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Source: Lockport Union-Sun & Journal

Few weigh in on microbeads ban

COUNTY: Legislature will decide on proposed ban next week.


Posted: December 2, 2015
Originally Published: December 1, 2015

Supporting a ban on plastic microbeads was the topic of a public hearing at Tuesday's Niagara County Legislature meeting.

The hearing, which drew one speaker, took place on a proposed law that would stop the selling of cosmetics containing plastic microbeads within the county. Microbreads are a synthetic alternative ingredient, found in more than 100 personal cosmetic products, including some exfoliants, cleansers and daily scrubs.

The local law being proposed by the legislative minority references the danger microbeads pose to Niagara County's water and environment. The plastic particle, measured to be 5 millimeters or less in size, are too small to be filtered out at the multiple sewage treatment facilities in Niagara County, without "costly improvements."

Brian Smith, a Tonawanda resident, spoke on behalf of the Citizen Campaign for the Environment, a group of 80,000 members from around Western New York.

Smith gave two reasons why CCE is supporting Niagara County's proposed ban on the sale of microbead products. The first is the pollution to the Great Lakes, which threatens the health of fish, wildlife and people.

"We know that Niagara County's water, particularly the Niagara River and Lake Ontario, are adversely impacted by plastic microbeads," Smith said. "Since none of our treatment plants were ever designed to remove these plastic microbeads, we can assume that most plants are allowing microbeads to discharge."

Smith said once the beads enter waterways, "they act as tiny toxic sponges," collecting toxic chemicals present in water.

"When fish consume these beads, they are passed up the food chain to larger fish and wildlife," he said. "Ultimately they can end up on our dinner plates."

Second, Smith said, CCE supports the local law because "we simply cannot wait for Albany to address this problem."

"We need to act locally to drive the state to take action," he said.

New York state, according to Smith, was the first in the nation to introduce legislation on the issue almost two years ago.
Since that time, at least eight states and six counties in New York have passed a ban, while the issue remain in the state Senate for a vote.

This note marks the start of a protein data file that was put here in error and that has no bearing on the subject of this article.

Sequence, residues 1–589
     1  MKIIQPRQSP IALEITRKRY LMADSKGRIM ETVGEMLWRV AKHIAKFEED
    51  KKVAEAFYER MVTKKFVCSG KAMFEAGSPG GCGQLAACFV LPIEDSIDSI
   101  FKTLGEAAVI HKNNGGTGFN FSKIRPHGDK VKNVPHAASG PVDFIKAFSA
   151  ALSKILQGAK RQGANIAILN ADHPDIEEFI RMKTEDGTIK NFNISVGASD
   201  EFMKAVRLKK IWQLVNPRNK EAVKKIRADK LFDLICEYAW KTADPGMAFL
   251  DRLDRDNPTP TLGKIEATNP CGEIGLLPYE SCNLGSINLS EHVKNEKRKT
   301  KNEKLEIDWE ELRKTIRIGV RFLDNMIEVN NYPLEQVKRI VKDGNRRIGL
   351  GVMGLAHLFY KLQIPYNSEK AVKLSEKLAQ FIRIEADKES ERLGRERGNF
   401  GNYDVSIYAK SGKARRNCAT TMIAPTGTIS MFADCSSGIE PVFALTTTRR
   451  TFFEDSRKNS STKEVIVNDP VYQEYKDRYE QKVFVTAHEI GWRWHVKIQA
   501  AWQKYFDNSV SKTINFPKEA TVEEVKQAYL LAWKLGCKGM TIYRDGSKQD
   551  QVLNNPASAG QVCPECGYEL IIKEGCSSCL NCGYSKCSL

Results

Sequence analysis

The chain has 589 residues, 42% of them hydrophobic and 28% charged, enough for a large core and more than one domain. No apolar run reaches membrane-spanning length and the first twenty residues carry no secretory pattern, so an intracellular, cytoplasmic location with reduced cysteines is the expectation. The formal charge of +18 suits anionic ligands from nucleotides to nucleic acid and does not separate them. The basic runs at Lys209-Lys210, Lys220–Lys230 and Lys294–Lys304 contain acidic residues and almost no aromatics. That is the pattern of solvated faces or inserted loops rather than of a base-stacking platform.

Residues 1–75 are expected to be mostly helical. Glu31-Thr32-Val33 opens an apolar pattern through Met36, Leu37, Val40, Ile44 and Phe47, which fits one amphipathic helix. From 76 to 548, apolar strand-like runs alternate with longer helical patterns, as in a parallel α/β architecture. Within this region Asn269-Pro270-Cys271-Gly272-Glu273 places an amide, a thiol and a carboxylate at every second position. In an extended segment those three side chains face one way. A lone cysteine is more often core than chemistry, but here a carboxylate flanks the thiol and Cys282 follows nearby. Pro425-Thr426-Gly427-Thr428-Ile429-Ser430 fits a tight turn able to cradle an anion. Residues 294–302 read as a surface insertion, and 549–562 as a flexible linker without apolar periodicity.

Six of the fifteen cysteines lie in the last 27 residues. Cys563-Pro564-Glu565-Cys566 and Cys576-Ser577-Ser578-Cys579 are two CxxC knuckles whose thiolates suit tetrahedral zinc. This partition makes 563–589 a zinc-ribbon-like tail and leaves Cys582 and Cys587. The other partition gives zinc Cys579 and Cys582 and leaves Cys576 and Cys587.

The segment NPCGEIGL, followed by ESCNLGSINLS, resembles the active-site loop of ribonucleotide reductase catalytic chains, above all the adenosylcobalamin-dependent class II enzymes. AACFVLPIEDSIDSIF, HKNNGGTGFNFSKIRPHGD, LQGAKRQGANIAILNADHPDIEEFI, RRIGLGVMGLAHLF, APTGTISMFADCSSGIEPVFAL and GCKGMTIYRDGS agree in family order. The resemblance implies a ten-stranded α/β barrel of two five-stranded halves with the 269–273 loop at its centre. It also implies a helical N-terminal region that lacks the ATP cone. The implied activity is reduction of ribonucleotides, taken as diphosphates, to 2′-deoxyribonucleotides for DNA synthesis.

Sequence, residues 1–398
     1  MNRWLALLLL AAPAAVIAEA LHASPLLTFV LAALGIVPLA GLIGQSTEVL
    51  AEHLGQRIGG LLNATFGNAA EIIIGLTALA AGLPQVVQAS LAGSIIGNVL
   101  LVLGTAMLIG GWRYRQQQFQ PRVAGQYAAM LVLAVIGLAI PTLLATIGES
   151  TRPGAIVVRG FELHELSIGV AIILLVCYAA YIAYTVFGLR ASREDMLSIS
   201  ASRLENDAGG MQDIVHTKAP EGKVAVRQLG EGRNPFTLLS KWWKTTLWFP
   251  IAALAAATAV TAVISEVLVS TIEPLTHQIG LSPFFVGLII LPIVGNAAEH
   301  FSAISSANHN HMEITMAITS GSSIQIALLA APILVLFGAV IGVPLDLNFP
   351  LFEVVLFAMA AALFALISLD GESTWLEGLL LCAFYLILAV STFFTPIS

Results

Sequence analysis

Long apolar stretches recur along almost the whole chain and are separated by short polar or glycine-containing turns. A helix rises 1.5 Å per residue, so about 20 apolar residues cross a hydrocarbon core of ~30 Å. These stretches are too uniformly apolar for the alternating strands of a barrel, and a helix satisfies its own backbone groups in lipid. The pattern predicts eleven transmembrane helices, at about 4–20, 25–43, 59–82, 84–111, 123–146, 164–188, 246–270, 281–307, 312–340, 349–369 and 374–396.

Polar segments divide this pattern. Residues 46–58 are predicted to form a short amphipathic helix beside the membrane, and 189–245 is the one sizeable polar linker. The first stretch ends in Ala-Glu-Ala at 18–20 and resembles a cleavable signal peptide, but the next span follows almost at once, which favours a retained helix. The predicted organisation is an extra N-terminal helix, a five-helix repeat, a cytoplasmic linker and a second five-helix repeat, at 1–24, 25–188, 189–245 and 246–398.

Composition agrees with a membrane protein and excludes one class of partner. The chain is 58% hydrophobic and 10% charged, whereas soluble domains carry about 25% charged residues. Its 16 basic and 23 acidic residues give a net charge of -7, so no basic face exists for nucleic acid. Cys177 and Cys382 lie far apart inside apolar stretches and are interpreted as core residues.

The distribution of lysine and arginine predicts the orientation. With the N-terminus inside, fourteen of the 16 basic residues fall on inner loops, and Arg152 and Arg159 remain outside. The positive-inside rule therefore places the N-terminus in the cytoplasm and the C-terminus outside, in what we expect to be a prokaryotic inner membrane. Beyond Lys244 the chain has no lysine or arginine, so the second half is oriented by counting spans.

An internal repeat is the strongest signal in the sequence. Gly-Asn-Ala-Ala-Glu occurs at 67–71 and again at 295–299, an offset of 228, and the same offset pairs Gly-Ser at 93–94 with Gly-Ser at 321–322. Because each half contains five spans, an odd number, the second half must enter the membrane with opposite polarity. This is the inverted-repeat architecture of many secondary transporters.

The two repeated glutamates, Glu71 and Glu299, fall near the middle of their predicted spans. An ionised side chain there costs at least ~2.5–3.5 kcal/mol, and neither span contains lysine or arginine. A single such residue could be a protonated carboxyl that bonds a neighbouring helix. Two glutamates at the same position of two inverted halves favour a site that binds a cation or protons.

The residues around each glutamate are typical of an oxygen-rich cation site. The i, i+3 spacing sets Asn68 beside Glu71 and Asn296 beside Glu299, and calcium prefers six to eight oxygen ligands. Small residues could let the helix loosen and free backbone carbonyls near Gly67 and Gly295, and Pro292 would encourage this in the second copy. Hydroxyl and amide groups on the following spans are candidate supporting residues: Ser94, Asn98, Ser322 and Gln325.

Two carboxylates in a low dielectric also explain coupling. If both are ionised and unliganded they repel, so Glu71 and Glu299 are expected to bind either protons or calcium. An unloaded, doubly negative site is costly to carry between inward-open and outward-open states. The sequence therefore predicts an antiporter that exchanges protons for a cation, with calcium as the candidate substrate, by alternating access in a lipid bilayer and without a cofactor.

Entered into the minutes, but not read as part of the hearing, was a letter of support from Jennifer Nalbone, environmental scientist for the Environmental Protection Bureau of the state Attorney General.

"When products containing microbeads are used in the home by unsuspecting citizens, the plastic is rinsed down the drain and into our sewer system," the letter reads. "In a 2014 Office of the Attorney General report, we determined that almost 19 tons of microbeads are rinsed down the drain annually across New York state, over 400 pounds annually in Niagara County alone."

The letter also referenced a 2015 study that took samples from 34 wastewater treatment plants across the state. Microbeads were slipping past treatment at 74 percent of the facilities, including Niagara County Sewer District No. 1, that inadvertently releases particles into the Niagara River during normal operations.

"This is not surprising because wastewater treatment plants are simply not designed to remove tiny plastic particles from wastewater before the processed effluent is discharged to our waters," Nalbone wrote.

Legislator Jason Zona, D-Niagara Falls, after the public hearing, said he had hoped a few more groups would have been in attendance to speak, but said they will be submitting letters of support on banning microbeads.

"It seems like it's a pretty clear-cut issue," he said. "I don't think any legislator on either side is opposed to protecting our waters."

The legislature will be voting on the matter at Tuesday's meeting. Zona said based on the conversations he has had with some legislators, he doesn't "anticipate any issues" with the passage.

"Ultimately we do want the state to be the one to put the ban in effect," he said. "It should be a state-wide issue, but until Albany acts, we'll do it on the county end."

The local law will become null and void on the day statewide or federal legislation goes into effect banning microbead products. Once filed with the state Security of State's Office, the local law will take effect 180 days later.

In other news:

The county held its annual proposed 2016 budget public hearing, which drew no speakers. The county will vote on the budget Tuesday.

The budget proposes a full value rate of $7.38 per $1,000 of assessed property value. That's a 28-cent or 3.7 percent decrease from 2015. For property valued at $100,000 the tax bill would be reduced by $28.

Contact reporter Rikki Cason at 439-9222, ext. 6252.